Self-publisher Sells 1 Million Kindle Books–Now What?

Follow the link below to Mike Shatzkin’s blog about John  Locke’s options after being the first self-publisher to sell one million Kindle books. The debate in the commentary between Shatzkin and Joe Konrath, another astonishingly successful self-publisher of fiction, is worth a read by anyone interested in the future of the publishing industry.

http://www.idealog.com/blog/would-million-ebook-selling-author-john-locke-be-better-off-with-a-publisher-i-think-he-very-well-might

2 comments on “Self-publisher Sells 1 Million Kindle Books–Now What?

  1. Do you remember when I worked in the sales department at BDD? It was the remainder sales part of the sales dept…I saw what happened to lesser known authors (everyone other than John Grisham and Danielle Steele) most inventory remained, and they were all remaindered, selling for $1.00 or so per copy, some for $.50. This article does the math in the best scenario possible. But reality is the "inconvenience" of the print book for those who are Kindling, and the price, are all factors of why he might not be better off with a print publisher. I had many MANY authors calling me complaining that the publisher did nothing to sell their books, of course not, when they were putting 90% of their efforts, and marketing dollars, into John Grisham and Danielle Steele….I am not so sure I agree with this article. My friend who worked at HC just got laid off, that sinking ship is sinking faster and more furious than one could even imagine.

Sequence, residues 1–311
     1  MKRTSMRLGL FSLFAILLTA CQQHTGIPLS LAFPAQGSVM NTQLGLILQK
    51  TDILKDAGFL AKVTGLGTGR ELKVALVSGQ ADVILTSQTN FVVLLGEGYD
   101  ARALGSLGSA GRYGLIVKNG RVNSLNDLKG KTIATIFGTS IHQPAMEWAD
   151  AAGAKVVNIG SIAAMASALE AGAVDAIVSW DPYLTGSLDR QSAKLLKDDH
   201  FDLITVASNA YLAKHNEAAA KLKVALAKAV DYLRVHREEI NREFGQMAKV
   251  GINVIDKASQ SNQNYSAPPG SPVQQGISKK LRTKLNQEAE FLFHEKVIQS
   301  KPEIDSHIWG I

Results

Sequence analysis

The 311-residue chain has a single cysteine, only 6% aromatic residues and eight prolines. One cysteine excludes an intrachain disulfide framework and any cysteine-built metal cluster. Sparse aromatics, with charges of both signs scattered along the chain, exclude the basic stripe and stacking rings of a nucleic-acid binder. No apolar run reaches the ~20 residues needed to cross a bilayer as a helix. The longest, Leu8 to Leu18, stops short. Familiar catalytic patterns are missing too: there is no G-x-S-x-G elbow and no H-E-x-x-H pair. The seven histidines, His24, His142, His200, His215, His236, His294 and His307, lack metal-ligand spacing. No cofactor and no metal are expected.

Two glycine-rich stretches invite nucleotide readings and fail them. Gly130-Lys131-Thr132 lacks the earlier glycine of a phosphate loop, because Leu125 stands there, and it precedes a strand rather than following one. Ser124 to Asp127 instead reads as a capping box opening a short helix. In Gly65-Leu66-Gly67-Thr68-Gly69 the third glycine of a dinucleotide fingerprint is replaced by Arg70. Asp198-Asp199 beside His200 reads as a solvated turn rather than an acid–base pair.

2. We'll mark you down as in the Konrath camp then. One of my main concerns about self-publishing has been that without the legacy publishers as gatekeepers, it will be difficult for readers to find quality material. But as I research the market, I'm discovering that a new set of gatekeepers is emerging. There are dozens of new book blogs that are eager to review indie books. I'm still learning how to find them, but a good start is the Book Blogger Directory. http://bookbloggerdirectory.wordpress.com/With the market creating new opportunities for authors, and the legacy publishers refusing to compete on price, you may be right–the ship may sink faster than the captains think.

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